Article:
Allaying the concerns of paying Xbox Live subscribers everywhere, Microsoft has announced that the Windows Live pricing will be the same as the Xbox Live pricing: $49.99 per year. This will likely include a similar feature set as the console counterpart: ability to play online with cross-platform games, a unique gamercard, access to achievements, and so on.
Those of you who, like me, enjoy spending a few hours here and there gaming with friends over the ‘net via your subscription to Xbox Live (and whose professional lives make this an infrequent proposition), you’ll be happy to know that the Microsoft attempt at giving PC users a similar gaming experience is going to be entirely free to you. (Of course, you’ll only get as much as your 360 Live subscription entitles you to on the 360. C’mon, nothing is really free.)
That’s right, if you have Windows Vista and have any Windows Live enabled games, you’ll be able to boot up your PC and for no extra charge access your Xbox Live friends list, and all the other “Gold” features, via Windows Live. Shadowrun will be the first of the Windows Live games — Halo 2 will have a limited set of Windows Live features built into it.
What I’m most looking forward to, however, is some real interactivity. When can I plop down on the couch in front of my HDTV, plug in my 360’s webcam, and videoconference with my friends on their Vista PCs? Interactivity like that would sell many users on the 360 as the home entertainment center of choice.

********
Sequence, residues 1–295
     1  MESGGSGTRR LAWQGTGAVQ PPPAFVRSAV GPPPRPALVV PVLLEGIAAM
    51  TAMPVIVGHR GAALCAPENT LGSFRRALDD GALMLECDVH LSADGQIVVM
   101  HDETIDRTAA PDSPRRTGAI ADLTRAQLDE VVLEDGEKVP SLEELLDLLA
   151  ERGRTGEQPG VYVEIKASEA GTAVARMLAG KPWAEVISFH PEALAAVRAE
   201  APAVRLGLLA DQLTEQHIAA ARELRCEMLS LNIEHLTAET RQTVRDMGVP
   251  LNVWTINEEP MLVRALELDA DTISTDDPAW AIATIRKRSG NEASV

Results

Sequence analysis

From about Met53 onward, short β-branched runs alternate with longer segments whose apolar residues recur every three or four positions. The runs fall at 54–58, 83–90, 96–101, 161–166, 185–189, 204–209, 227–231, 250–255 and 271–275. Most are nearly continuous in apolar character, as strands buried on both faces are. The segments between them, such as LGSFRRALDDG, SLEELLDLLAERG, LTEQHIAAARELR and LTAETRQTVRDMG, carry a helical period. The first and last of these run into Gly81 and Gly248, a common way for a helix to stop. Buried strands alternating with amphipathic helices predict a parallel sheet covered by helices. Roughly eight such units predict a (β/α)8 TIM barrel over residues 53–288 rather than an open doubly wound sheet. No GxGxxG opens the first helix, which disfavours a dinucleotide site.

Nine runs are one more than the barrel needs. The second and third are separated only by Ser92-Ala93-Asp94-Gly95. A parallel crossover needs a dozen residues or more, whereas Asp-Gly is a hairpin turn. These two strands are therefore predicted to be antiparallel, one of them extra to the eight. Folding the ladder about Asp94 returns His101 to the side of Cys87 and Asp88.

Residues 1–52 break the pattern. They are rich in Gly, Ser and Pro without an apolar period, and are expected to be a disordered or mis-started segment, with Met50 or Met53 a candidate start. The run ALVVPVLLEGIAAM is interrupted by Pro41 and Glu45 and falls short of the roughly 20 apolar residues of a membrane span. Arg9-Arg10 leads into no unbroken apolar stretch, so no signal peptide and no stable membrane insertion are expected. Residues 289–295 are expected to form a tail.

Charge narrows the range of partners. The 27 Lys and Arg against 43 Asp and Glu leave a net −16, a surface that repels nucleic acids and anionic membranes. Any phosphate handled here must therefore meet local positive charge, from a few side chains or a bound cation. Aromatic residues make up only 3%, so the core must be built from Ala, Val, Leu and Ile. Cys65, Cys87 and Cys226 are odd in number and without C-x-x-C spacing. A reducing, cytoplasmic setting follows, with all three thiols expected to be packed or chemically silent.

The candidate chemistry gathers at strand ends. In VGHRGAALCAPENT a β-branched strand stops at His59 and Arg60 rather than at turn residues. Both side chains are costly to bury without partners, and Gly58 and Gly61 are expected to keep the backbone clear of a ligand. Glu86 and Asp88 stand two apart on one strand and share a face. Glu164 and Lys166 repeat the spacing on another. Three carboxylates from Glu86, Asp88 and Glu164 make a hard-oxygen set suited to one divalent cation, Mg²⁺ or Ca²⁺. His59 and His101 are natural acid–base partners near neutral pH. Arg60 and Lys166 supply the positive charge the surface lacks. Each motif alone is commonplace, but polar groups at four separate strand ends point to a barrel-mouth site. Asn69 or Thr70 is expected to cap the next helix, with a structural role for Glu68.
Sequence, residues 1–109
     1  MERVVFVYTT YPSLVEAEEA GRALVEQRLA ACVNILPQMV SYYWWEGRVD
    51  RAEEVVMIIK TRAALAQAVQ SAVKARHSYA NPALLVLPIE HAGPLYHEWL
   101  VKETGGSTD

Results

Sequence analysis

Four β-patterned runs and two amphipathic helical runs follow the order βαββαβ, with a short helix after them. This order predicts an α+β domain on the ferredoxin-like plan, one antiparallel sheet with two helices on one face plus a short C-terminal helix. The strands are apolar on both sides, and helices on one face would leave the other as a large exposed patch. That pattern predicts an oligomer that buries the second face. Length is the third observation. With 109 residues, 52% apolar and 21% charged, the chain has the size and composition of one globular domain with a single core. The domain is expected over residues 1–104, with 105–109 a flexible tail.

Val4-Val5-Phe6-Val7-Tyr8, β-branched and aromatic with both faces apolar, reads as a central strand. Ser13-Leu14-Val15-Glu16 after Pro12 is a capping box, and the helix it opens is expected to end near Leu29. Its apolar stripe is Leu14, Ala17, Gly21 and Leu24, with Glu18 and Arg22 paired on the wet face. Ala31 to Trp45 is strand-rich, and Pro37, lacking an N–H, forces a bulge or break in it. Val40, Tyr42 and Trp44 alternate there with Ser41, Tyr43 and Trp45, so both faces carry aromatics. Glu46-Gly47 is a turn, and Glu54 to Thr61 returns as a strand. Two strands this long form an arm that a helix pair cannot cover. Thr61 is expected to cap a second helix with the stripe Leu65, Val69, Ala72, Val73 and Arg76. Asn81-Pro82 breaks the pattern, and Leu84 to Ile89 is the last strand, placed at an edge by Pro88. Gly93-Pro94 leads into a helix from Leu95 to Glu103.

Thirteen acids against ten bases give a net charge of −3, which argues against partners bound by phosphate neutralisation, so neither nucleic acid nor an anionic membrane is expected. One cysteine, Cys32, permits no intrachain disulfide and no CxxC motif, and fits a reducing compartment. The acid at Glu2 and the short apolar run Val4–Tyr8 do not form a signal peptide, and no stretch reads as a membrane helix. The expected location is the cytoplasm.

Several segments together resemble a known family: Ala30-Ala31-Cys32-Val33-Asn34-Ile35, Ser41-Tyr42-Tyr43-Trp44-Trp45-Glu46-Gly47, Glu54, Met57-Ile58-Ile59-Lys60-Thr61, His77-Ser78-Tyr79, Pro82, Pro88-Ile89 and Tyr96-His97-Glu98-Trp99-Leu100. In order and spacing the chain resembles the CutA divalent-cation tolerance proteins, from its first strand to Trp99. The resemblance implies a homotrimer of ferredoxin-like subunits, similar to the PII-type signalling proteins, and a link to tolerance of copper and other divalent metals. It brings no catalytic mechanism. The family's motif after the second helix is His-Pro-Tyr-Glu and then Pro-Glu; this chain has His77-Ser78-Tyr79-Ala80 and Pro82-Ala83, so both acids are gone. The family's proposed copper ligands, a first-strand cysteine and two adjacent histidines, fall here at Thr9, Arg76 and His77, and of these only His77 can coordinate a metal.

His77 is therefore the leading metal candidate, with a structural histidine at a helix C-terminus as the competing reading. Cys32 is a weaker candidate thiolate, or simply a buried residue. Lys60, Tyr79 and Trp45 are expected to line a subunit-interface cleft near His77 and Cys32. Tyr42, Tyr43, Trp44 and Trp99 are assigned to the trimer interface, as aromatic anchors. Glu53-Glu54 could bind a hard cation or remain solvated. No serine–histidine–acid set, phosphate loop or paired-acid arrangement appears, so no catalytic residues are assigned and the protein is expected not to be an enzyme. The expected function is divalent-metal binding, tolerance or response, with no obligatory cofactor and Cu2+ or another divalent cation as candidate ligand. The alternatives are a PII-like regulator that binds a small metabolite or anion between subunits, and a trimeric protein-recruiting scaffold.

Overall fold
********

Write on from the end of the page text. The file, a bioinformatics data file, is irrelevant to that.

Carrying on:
Already the downloadable movies and TV shows on the 360’s Video Marketplace are making a dent in my typical habits. The free HD episode of South Park (Fun With Weapons) occupied my idle time exercising, rather than the normal channel flipping. (It’s only available free for 2 weeks–download it quickly!). And Superman Returns, which was impossible to get in HD-DVD or Blu-Ray from Blockbuster Online (before any of the current reported problems) was a quick 30-minute download before I could begin watching it. The HD is only 720p, but the difference, even on a 50 inch LCD HDTV, is negligible.
So, good news for 360 and Vista owners, and hang on–the competition for the “home entertainment center” is only heating up. Sony, as you may know, just fired its own shot with its “3d social networking service” for the PS3 that it calls Home. It’s a 3-D “Second Life” type world that it hopes will make the PS3 more attractive. I personally haven’t gone for–and again, don’t have time for–the leisurely pace of 3d “life”, but judging from the putuative popularity of Second Life, I anticipate Home will get a hefty following and give the 360 at least a run for the money.